Muscat: Sharia Supervisory Board of Alizz Islamic Bank held its sixth meeting of the year at the main branch of Central Business District at Ruwi headed by His Eminence Sheikh / Prof. Dr Essam Khalaf Al-Anzy.
Members of the Sharia Supervisory Board including Sheikh Dr Ahmed Subhi Ahmed Ayadi, Sheikh Nasser bin Yousef Al Azri, attended the meeting. Sulaiman Al Harthi, Chief Executive Officer and Issa bin Salim Al Riyami, Head of Sharia Audit & Compliance, Chief Internal Auditor, Chief Risk Officer and several other officials were present.
In his presentation, Sulaiman Al Harthi highlighted the performance of the bank during the fourth quarter of the current year and the challenges faced by it. He also focused on the action plan to be pursued by the bank during the forthcoming year.
The meeting discussed several issues of interest including Sharia Audit and Compliance reports during the fourth quarter of 2021 following which the Sharia Supervisory Board suggested appropriate guidelines with regards to the subjects of discussion. Sharia Supervisory Board also approved the audit and training plan for the next year 2022 in addition to numerous meeting agendas which were adequately addressed.
The meeting commended Sheikh Nasser bin Yousef Al Azri, SSB Member, for his valuable contributions to the bank during his nine-year tenure with Alizz Islamic Bank.
The Board of Directors praised the role played by the Sharia Supervisory Board in spreading and promoting awareness about the role of Islamic banking and community initiatives in various media. From time to time, the bank generates and develops innovative ideas to consolidate the experience of Islamic banking and make it a success story. The General Assembly also endorsed the proposal of the BOD to appoint Sheikh Dr Ibrahim Al Sawafi as a member of the board.
The Sharia Supervisory Board at Alizz Islamic Bank reviews and studies all Islamic banking products and services launched by the bank. The board includes in its membership scholars who are distinguished by deep knowledge of Islamic Sharia and the jurisprudence of transactions, as well as to spread reassurance among shareholders and depositors whose trust is undoubtedly one of the most important success factors for the bank.
Islamic banking in Oman is growing rapidly and steadily with an average growth rate of 30.3 per cent between 2013 and 2020. The assets of the Islamic banking sector in the Sultanate reached OMR5 billion and 676 million which is equivalent to $14.1 billion by the end of June 2021 with a market share of 15.3 per cent.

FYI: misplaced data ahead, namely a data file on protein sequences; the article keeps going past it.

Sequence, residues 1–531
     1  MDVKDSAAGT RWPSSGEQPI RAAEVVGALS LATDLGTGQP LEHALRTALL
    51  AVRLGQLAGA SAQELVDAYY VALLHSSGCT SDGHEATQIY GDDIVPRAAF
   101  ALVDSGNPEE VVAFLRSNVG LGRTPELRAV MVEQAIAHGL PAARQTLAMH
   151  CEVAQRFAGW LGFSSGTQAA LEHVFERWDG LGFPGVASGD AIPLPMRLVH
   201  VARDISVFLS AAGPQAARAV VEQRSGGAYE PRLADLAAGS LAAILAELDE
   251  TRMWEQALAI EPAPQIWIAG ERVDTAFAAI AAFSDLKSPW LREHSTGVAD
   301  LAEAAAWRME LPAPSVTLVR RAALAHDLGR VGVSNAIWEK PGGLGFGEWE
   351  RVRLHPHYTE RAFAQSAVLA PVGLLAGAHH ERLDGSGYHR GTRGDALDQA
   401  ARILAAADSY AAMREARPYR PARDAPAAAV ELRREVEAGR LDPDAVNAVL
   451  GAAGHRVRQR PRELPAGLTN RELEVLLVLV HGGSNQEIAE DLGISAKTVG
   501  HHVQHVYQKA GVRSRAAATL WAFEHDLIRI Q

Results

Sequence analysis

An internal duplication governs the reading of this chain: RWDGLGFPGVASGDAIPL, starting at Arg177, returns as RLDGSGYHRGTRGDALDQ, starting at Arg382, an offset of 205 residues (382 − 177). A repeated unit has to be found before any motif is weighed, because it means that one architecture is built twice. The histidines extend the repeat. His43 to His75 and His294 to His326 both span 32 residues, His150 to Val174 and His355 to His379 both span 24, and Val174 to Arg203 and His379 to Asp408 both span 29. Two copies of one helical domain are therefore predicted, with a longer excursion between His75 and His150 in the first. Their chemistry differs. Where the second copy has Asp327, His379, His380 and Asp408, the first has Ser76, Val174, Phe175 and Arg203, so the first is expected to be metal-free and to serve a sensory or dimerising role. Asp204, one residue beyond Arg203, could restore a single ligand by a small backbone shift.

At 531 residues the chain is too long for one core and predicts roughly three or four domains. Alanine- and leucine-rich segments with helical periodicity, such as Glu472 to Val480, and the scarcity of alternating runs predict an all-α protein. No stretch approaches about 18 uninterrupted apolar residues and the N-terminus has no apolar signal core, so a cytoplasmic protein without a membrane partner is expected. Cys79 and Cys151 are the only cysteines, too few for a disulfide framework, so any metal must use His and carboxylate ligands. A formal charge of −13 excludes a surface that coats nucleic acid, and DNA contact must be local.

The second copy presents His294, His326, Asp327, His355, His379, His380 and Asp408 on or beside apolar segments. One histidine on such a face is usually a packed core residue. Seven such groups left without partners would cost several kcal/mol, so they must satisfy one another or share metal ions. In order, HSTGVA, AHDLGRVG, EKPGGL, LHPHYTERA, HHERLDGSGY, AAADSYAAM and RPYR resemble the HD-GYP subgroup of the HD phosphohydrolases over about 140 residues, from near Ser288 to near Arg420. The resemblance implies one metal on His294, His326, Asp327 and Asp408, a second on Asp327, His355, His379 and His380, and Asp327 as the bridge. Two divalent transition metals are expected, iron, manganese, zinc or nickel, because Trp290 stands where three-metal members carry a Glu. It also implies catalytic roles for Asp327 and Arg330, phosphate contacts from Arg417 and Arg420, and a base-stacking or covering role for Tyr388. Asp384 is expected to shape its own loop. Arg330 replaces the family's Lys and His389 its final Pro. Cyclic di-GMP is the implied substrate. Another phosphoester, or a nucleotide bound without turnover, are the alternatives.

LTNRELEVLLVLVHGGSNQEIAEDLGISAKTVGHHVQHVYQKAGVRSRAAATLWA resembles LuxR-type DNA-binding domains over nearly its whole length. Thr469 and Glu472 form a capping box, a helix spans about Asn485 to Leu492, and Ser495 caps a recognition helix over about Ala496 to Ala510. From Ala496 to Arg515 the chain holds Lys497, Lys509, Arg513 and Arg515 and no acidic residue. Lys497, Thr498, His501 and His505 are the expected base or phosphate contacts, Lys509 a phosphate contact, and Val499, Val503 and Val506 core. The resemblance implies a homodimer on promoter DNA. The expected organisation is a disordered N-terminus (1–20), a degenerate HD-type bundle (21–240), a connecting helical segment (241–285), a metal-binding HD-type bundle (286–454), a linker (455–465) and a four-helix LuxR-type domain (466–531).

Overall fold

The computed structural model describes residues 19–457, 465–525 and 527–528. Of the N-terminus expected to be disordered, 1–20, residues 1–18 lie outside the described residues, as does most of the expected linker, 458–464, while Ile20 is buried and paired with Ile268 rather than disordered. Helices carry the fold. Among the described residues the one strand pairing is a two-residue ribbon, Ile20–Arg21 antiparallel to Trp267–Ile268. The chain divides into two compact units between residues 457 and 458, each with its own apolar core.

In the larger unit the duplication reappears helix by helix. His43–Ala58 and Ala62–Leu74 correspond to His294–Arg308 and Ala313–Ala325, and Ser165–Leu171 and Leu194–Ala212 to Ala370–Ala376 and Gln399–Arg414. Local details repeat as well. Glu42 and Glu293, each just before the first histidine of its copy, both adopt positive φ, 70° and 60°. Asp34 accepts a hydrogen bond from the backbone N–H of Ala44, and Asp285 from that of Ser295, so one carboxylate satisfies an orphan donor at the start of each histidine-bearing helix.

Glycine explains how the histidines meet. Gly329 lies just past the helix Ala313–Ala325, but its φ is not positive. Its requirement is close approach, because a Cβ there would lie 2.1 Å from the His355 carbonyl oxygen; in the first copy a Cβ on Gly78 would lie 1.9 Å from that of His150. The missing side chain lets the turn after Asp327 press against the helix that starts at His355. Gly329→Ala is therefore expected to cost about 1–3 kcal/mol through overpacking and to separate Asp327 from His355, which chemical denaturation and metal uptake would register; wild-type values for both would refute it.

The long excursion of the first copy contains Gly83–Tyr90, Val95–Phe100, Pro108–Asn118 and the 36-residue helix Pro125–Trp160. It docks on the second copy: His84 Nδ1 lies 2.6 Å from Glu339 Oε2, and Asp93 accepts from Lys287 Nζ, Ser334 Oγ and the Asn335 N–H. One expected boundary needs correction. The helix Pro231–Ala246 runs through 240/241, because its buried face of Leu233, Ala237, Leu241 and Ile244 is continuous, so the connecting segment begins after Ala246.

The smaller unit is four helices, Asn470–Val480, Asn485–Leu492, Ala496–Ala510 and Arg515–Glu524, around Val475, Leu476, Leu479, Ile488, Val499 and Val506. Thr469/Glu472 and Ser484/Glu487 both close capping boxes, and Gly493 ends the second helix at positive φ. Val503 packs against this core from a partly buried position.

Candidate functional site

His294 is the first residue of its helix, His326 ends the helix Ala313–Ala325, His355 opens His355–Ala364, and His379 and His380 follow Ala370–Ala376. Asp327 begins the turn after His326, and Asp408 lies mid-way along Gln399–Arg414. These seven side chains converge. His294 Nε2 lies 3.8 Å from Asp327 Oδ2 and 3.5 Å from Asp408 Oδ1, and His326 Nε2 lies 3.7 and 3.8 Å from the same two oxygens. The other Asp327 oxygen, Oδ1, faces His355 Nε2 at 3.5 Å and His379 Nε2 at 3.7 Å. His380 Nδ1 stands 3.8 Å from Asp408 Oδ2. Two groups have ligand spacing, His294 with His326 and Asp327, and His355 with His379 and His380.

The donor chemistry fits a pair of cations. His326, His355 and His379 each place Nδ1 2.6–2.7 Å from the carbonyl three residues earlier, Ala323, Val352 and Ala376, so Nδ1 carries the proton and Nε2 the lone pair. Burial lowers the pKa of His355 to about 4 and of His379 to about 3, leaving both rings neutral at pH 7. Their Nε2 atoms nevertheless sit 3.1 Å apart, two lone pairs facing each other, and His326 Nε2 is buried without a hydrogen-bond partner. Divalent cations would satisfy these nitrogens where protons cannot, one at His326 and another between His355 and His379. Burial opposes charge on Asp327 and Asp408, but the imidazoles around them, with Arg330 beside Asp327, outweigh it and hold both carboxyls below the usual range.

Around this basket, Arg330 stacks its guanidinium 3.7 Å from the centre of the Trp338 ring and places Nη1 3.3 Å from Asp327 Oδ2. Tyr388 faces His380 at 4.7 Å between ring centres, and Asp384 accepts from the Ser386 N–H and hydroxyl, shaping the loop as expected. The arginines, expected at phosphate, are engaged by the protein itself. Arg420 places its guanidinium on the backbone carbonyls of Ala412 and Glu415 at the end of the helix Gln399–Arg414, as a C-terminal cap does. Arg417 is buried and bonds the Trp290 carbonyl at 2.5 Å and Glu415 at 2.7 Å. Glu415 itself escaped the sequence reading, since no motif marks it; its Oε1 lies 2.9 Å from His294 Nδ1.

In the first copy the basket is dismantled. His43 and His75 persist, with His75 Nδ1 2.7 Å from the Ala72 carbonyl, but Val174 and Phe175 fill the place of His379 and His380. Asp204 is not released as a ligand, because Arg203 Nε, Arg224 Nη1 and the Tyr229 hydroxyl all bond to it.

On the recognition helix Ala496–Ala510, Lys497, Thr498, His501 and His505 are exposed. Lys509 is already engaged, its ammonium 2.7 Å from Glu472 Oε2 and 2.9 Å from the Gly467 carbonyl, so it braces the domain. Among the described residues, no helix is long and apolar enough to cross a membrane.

The market share of the Islamic banking sector in the finance and deposits sector was 16.9 per cent and 16.8 per cent, respectively. This growth was substantiated by high-quality assets since the financing default did not exceed 1.93 per cent in December 2020.
Other financial stability indicators have already exceeded the prudential requirements as the average capital adequacy ratio (CAR) hit 15.61 per cent compared to the ratio required by the Central Bank of Oman (CBO) standing at 12.25 per cent. This is in addition to the liquidity coverage ratio (LCR) which were 116 per cent and 119 per cent respectively compared to the prudential requirements of 100 per cent.
During recent years, the Central Bank of Oman has consolidated its partnership with the international institutions and organizations responsible for setting Islamic finance standards. This scenario rendered the bank to become a member of the main committees and working groups branched out of these entities. This partnership enabled the Central Bank of Oman to host the capacity building event, the awareness and training programs and the meetings for policies development organised in the Sultanate of Oman.
It is to be noted that the Central Bank of Oman is currently engaged in developing a new strategy for the development of the Islamic banking sector to achieve sustainable growth and ensure the effective contribution of this sector to the Omani economy in general and banking and financial sectors in particular. This strategy is geared towards the enhancement of the existing regulatory and prudential systems and the consumer protection frameworks; the diversification of products offered by this sector and the enhancement of coordination between all stakeholders.